National Music Reviews
My Hands Were Stuck In My Pockets
Rain No Rain
Ben Reneer = Novo Amor + Bahamas
Ben Reneer’s new album, My Hands Were Stuck In My Pockets, is mellow and honest. There is an acoustic, coffeehouse feeling to most tracks, and Reneer dives deep into his emotions in this collection. It’s easy to feel the slow cracks of a relationship ending throughout the album, and the second half of the final song “Go.,” ties it up effortlessly: “It’s gonna take a lot of guts to stand my ground to give you up / It’s gonna take a lot of guts from both of us.” This line, repeated before the album closes, is heart wrenching in its plain truth. The sentiment behind this composition runs deep, and listeners can feel Reneer’s authenticity.
“A Ghost In Someone’s Body (feat. Emma Reneer)” is another beautiful and standout track. The subtle finger-plucking on an acoustic guitar sets a melancholic scene, then a harmony rushes in to accompany the chorus as Emma’s breathy voice dances alongside Ben’s seamlessly. The two voices continue this movement, playing off one another and taking turns balancing the melody. He brings in a deeper-sounding guitar after the first chorus, adding another layer to the instrumentals. The layering is what gives “A Ghost In Someone’s Body (feat. Emma Reneer)” an undeniably iridescent beauty.
Reneer pushes his stylistic boundaries in “Wasted Space (feat. Alba),” approaching a funky, ’80s sound rather than his comfortable slow and sad songs. The track felt a bit forced, and I could tell it was out of Reneer’s comfort zone. It worked well in the album, breaking up the mellow space with something different to catch the listener’s attention, but the song itself felt overproduced. It’s a catchy song, and I hope Reneer can continue to refine this side of his music for his next albums.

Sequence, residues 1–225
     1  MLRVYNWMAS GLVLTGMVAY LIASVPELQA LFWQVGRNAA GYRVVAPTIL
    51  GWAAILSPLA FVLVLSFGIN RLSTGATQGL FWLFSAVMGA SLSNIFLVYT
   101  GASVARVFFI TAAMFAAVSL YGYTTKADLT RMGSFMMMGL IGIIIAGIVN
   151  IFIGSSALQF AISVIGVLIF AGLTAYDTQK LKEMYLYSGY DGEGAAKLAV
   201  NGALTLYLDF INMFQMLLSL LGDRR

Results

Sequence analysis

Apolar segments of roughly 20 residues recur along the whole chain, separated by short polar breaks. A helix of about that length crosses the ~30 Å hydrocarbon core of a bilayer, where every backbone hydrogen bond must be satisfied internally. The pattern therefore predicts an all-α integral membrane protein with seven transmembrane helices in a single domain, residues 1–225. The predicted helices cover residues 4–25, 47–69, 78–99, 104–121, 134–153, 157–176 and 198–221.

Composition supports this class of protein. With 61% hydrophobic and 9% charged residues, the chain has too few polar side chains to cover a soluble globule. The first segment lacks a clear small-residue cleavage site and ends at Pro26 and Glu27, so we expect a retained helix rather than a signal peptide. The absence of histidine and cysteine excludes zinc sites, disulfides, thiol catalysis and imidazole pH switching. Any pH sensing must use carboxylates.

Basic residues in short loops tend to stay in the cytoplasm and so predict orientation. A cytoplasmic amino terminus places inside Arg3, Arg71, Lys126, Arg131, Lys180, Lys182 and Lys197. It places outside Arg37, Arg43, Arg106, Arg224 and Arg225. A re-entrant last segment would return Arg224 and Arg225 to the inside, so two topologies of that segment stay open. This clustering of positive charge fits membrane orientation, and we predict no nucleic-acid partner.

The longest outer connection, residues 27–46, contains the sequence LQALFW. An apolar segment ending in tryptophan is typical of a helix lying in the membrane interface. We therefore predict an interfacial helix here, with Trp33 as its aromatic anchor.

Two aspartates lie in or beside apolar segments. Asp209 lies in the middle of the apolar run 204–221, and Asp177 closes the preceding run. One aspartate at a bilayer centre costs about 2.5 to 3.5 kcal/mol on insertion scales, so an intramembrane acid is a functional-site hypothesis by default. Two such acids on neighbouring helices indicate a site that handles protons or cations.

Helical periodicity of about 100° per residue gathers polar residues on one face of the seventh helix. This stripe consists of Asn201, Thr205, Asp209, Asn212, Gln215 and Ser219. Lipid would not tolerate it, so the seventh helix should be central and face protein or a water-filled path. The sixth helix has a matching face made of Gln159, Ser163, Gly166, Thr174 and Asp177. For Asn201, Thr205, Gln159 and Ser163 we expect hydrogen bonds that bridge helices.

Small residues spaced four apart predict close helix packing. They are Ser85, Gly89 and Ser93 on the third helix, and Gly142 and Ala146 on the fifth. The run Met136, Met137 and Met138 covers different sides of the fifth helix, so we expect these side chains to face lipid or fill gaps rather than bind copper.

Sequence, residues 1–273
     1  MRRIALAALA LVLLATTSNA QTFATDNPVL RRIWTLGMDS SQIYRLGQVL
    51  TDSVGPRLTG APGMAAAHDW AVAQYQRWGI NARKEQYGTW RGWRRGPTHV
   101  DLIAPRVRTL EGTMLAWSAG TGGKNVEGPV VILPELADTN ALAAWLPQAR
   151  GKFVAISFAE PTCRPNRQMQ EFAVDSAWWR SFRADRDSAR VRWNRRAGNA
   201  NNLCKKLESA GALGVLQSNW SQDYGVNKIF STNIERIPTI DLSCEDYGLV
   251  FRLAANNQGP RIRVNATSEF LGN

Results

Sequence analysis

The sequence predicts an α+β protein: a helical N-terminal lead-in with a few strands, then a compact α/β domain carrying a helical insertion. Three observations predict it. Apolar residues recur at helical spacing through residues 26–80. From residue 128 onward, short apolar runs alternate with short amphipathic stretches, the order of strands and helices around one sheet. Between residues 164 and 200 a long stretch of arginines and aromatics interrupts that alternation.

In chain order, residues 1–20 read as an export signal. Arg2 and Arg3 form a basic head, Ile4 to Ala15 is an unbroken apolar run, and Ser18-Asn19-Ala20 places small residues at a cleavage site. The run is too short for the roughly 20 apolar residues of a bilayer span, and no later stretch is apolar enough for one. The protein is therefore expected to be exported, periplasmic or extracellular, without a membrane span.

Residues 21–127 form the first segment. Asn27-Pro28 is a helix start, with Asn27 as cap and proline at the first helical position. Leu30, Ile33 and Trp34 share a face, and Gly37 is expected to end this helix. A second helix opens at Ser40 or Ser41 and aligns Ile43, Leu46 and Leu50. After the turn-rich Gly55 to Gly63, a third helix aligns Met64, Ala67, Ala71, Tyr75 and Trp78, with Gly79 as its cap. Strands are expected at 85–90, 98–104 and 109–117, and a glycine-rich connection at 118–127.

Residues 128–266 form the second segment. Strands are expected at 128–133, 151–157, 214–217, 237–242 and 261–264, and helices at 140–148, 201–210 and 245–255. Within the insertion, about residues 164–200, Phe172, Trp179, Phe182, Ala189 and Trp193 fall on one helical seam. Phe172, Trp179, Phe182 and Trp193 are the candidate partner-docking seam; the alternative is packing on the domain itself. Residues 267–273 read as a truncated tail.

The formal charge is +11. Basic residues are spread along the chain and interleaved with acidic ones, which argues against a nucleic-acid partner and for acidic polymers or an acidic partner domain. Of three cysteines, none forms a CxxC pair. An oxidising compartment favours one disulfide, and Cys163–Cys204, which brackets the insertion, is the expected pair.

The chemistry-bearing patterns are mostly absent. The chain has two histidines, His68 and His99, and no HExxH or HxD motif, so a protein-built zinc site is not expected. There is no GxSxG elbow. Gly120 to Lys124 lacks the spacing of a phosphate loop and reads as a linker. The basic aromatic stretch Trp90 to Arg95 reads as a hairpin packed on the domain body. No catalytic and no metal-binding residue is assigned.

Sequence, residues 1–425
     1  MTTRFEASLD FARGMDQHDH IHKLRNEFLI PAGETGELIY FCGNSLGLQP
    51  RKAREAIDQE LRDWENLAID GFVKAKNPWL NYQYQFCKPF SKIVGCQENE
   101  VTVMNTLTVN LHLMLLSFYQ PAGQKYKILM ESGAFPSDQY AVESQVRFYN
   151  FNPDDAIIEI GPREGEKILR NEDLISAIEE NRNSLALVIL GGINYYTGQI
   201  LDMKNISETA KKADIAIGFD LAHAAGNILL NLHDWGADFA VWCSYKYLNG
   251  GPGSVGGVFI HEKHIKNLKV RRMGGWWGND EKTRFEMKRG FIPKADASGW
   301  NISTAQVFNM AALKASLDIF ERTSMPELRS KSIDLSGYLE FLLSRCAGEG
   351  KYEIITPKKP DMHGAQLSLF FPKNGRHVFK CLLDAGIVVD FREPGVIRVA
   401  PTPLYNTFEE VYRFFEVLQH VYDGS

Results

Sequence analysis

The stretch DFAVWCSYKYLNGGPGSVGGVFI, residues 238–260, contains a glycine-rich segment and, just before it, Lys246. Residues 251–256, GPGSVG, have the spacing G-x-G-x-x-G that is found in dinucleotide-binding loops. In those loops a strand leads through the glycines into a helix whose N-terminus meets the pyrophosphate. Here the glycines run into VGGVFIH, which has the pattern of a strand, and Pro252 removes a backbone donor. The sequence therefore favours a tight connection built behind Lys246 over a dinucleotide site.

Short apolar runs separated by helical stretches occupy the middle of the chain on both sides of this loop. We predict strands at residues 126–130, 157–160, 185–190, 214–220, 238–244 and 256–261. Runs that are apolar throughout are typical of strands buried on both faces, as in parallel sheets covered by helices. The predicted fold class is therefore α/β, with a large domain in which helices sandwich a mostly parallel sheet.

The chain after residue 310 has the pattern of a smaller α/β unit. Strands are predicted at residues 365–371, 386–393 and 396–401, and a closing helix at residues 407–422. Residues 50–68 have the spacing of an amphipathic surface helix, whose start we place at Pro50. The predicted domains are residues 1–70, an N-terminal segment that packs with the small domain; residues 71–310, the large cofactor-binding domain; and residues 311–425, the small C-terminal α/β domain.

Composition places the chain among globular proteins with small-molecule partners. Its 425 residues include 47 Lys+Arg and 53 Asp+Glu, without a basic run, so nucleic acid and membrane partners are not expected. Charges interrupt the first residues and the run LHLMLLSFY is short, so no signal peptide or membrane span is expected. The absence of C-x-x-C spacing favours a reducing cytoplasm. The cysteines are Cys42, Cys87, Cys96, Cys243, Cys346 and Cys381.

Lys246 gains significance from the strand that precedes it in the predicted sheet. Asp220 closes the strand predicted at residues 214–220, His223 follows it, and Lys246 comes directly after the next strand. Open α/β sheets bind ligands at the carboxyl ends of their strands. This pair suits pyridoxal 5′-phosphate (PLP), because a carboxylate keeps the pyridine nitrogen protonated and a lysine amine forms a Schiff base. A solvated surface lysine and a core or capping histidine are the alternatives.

When I began listening to My Hands Were Stuck In my Pockets, I was skeptical, but as I listened closely and finished each song my ears and heart began to perk up. Reneer has a way of drawing in an audience through expressing vulnerability, which he begins in the title of the record. The title, My Hands Were Stuck In My Pockets, communicates a feeling and a moment without the need to spell it out. Ben Reneer’s music is similar: he can connect to a universal language without trying to be anything more than himself. It is the rawness of his writing that draws us in and reminds listeners why we love music. –Harper Haase